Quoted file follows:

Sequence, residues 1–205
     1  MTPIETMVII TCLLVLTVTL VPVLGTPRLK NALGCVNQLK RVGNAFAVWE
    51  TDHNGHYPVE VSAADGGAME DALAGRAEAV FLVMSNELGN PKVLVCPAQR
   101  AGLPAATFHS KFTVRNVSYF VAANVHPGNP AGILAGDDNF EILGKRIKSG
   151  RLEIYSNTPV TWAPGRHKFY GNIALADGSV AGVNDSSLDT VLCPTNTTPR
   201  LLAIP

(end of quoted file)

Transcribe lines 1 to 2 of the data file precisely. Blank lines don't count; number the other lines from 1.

Sequence, residues 1–205
     1  MTPIETMVII TCLLVLTVTL VPVLGTPRLK NALGCVNQLK RVGNAFAVWE